Global shares gain in broad global advance, U.S. debt prices fall

By Herbert Lash
Traders work on the floor of the New York Stock Exchange
Traders work on the floor of the New York Stock Exchange May 12, 2014. REUTERS/Brendan McDermid

By Herbert Lash

NEW YORK (Reuters) - Global equity markets surged on Monday, with the Dow industrials setting a record high as stocks advanced in a broad rally spurred by strong corporate results and an improving economic outlook.

Prices of U.S. Treasury debt fell, while European shares scaled six-year highs, underpinned by fresh takeover activity and renewed speculation about monetary stimulus from the European Central Bank.

On Wall Street, nine of the 10 primary S&P 500 sectors were in positive territory, with gaining stocks topping declining shares by 4 to 1 on the New York Stock Exchange and by almost 5 to 1 on the Nasdaq stock market.

MSCI's all-country world index rose 0.6 percent and the pan-European FTSEurofirst 300's index of leading shares climbed by a similar margin.

The Dow set an intra-day high and the S&P 500 was less than four-tenths of 1 percent away from a new record high.

The Dow Jones industrial average rose 97.68 points, or 0.59 percent, to 16,681.02. The S&P 500 gained 14.46 points, or 0.77 percent, to 1,892.94 and the Nasdaq Composite added 58.674 points, or 1.44 percent, to 4,130.543.

Weak economic numbers during the harsh winter and surprising strength in the bond market had kept money in fixed income, said David Kelly, chief global strategist for JPMorgan Funds in New York. An improving economic outlook has drawn investors back into stocks, he said. "I hate to make day-to-day rationalizations of the behavior of the market, but the key point is, falling unemployment and rising economic growth ultimately mean that both interest rates and stocks prices are likely to move higher," Kelly said.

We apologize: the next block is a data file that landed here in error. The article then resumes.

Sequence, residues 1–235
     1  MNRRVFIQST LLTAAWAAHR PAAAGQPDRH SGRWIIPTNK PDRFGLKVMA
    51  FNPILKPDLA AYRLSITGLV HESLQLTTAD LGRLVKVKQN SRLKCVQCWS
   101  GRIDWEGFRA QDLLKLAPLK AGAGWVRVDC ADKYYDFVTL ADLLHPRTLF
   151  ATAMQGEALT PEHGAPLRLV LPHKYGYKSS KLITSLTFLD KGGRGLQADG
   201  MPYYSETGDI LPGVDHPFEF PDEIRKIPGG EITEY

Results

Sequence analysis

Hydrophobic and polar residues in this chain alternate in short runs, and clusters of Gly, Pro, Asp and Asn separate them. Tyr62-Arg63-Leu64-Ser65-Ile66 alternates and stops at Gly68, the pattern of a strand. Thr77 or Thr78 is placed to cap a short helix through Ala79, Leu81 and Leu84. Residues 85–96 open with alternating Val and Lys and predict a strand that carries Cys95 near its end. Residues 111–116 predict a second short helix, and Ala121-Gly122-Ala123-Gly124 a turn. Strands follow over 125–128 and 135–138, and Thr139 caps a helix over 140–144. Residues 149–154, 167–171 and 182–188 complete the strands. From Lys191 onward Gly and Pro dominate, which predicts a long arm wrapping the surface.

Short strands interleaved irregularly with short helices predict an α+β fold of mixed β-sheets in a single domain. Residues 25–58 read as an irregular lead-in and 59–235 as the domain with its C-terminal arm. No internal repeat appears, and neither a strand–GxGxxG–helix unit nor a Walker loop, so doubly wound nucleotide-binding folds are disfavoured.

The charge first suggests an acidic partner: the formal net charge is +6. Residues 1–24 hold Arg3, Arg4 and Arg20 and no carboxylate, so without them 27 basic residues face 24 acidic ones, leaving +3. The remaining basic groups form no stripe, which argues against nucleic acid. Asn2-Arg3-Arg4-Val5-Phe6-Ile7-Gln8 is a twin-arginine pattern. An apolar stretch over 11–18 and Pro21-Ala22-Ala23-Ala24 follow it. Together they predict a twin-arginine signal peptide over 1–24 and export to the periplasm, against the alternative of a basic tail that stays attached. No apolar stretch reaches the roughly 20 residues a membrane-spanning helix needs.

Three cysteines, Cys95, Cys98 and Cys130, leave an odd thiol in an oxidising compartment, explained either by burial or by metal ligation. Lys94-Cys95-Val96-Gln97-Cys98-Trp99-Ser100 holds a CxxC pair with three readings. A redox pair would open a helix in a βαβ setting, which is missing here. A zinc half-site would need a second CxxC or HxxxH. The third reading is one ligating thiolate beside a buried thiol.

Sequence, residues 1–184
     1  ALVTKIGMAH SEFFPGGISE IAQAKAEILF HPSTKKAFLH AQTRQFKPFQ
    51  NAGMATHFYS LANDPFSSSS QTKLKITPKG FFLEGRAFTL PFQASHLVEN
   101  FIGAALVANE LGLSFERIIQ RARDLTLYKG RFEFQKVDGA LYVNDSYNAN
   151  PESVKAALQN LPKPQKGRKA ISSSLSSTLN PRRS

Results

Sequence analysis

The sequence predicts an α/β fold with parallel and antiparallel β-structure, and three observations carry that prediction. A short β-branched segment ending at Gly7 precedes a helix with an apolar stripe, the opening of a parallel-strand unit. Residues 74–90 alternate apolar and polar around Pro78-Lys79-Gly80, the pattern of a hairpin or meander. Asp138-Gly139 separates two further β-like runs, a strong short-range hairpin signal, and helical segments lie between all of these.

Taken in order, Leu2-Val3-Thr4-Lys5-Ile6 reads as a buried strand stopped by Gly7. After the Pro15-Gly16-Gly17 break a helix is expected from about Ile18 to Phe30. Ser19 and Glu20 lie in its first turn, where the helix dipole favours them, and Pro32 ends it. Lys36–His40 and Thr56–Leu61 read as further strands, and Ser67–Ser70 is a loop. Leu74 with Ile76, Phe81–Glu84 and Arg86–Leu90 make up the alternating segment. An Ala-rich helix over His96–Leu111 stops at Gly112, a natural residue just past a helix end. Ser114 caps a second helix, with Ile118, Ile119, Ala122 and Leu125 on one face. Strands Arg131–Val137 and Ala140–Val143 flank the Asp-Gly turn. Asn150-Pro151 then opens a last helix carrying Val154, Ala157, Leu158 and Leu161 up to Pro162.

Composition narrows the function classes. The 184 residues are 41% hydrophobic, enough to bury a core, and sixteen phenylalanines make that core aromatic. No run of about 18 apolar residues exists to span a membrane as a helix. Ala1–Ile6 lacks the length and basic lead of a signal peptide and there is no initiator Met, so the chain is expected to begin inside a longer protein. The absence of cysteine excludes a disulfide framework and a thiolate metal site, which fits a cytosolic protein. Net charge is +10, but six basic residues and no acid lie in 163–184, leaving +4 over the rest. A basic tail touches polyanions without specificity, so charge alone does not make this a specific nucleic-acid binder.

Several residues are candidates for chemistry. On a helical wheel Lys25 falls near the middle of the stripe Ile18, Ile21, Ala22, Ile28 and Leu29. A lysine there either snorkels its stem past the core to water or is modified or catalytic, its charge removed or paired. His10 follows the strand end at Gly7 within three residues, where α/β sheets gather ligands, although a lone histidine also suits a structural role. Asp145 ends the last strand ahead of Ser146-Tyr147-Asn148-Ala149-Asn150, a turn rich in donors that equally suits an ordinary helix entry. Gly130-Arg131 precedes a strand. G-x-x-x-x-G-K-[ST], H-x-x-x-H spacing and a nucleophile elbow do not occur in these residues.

Equity markets shrugged off rising tensions over Ukraine. Pro-Moscow rebel organizers of a weekend referendum in Ukraine said nearly 90 percent had voted in favor of self-rule, possibly opening the way for the region to break away from Kiev in a conflict spinning increasingly out of control.

U.S. Treasuries yields rose before a heavy week of data that includes retail sales and consumer price reports that will be watched for signs of economic strength and whether inflation is rising from levels below the Federal Reserve's targets.

Benchmark 10-year notes were last down 6/32 in price to push their yield up to 2.6467 percent.

The euro traded near break-even against the dollar and yen, unperturbed by the weekend referendum in Ukraine.

Against sterling, however, the euro fell to a 16-month low on growing bets the European Central Bank will ease monetary policy just as the Bank of England prepares to raise rates.

The euro's gains were trimmed after dovish comments from Austria's central banker, Ewald Nowotny. He told reporters it would take more than a cut in interest rates to combat low inflation in the euro zone.

The euro was down 0.02 percent against the greenback at $1.3754. The dollar rose 0.27 percent against the yen at 102.12.

Global oil prices rose on as investors braced for a possible escalation in Ukraine's civil conflict and the European Union expanded sanctions to Russian individuals and Crimean companies.

Though it is unlikely the turmoil would lead to a disruption in energy supplies from Russia, top global oil exporter Saudi Arabia volunteered to supply more crude in the event of a shortage. [ID:nL3N0NY0H6]

Brent crude was up 42 cents at $108.31 a barrel. U.S. crude gained 72 cents to $100.71 a barrel.

(Reporting by Herbert Lash; Additional reporting by Marc Jones in London; Editing by Dan Grebler)